Being in a stepfamily is tough. I mean marriage between two people is hard enough, but when you add kids-of-the-bride and kids-of-the-groom to the mix, you don't necessarily get a lovely shaken-not-stirred watermelon martini with a twist of orange. If all stepfamilies were such a thing, something like 78% of the US would be happily drunk on blended-familydom. Rather, it's more like we're nursing a horrendous hangover from drinking one too many Schlitz-the-most-disgusting-excuse-for-beer-ever-made Malt Liquors (yes, I'm a beer snob).
There are a gazillion specialists out there who have written books, blogs and articles about the stepfamily myths and what in fact is reality (reality for whom?). I have looked at some of the myths floating around in cyber-space and while it looks good in writing, it is very ridiculous in reality. I'm going to take a few of the 'realities' and tell you what I have found to be, well, actual reality.
1. Successful stepfamilies will become integrated over time.
Now I can't predict the future or what will happen when all of the kids finally become mature adults (we hope), but given the track record of the past three years, I don't see the 'big-happy-Waltons family happening at our house. There may at some point be a roomful of maturity big enough to put differences and pasts aside and get along just for the sake of getting along, but I'm not going to lose sleep over something I can't control. I'm just saying.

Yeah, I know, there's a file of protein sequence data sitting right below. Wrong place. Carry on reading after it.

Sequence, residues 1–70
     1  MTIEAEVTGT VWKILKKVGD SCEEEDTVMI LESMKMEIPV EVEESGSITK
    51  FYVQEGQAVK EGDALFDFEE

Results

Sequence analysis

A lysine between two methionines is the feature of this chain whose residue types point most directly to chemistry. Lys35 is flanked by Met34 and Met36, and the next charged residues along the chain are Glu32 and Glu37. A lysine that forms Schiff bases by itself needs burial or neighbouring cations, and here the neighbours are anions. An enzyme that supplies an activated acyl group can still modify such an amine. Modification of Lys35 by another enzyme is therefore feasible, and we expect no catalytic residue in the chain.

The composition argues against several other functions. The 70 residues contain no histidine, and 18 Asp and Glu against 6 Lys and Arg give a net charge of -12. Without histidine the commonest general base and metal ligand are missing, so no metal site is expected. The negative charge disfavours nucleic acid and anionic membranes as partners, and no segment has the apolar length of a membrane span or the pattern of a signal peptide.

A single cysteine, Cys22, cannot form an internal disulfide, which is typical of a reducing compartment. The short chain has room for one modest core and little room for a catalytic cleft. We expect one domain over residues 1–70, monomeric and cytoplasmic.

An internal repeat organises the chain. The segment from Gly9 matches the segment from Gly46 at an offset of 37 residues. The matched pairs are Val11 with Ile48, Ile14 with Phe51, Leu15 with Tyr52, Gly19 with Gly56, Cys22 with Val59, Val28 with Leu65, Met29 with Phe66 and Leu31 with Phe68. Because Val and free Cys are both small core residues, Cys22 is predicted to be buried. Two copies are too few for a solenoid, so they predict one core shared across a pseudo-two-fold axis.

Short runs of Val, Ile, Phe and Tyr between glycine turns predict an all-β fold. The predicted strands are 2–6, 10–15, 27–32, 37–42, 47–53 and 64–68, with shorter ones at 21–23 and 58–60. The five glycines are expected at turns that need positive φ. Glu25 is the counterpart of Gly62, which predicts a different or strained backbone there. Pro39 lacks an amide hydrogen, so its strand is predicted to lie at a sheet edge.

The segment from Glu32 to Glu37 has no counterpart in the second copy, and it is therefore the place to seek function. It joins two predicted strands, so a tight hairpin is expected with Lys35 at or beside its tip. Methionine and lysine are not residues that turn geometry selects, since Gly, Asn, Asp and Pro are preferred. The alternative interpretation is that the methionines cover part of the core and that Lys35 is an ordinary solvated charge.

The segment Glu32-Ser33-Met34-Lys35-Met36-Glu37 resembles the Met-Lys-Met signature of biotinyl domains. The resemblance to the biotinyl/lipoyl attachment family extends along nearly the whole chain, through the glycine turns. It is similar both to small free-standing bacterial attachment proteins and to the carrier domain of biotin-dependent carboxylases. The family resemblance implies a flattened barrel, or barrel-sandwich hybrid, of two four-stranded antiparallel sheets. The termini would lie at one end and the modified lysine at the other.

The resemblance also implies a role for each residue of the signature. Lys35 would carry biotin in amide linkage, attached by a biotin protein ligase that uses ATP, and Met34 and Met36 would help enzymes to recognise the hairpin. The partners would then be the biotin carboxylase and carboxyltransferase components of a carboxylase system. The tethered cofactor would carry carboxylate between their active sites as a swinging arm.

2. Stepmothers can be wicked.
Now this depends on your definition of wicked. At times, yes, I have been the wicked (unpleasant) stepmother who has had catastrophically progressive melt-downs because of issues with my stepkids or failed to hide my radically intense irritation with them. I have also tried to do some things to help foster a relationship with them and that is wicked cool.
3. Two-thirds of children adjust in time and are satisfied with their new families.
I don't know who came up with this percentage, but personally, I think some stepfamily guru probably pulled this out of the air to lend some positive fluffage to stepfamily reality. From the blended families I know (mine included), and from the blogs, comments and articles I've read, actual percentage of kids satisfied with their new family is significantly lower.
These are just a few of the myths I've debunked and I'm not saying it's all doom and gloom. We seem to have found some semblance of balance in the house - not that it runs perfectly- but for the most part, we have learned to just hum along. Do I wish we were the Walton's? Sometimes. For now we just do the best we can with what we have. I think I hear a watermelon martini calling my name and that is wicked cool.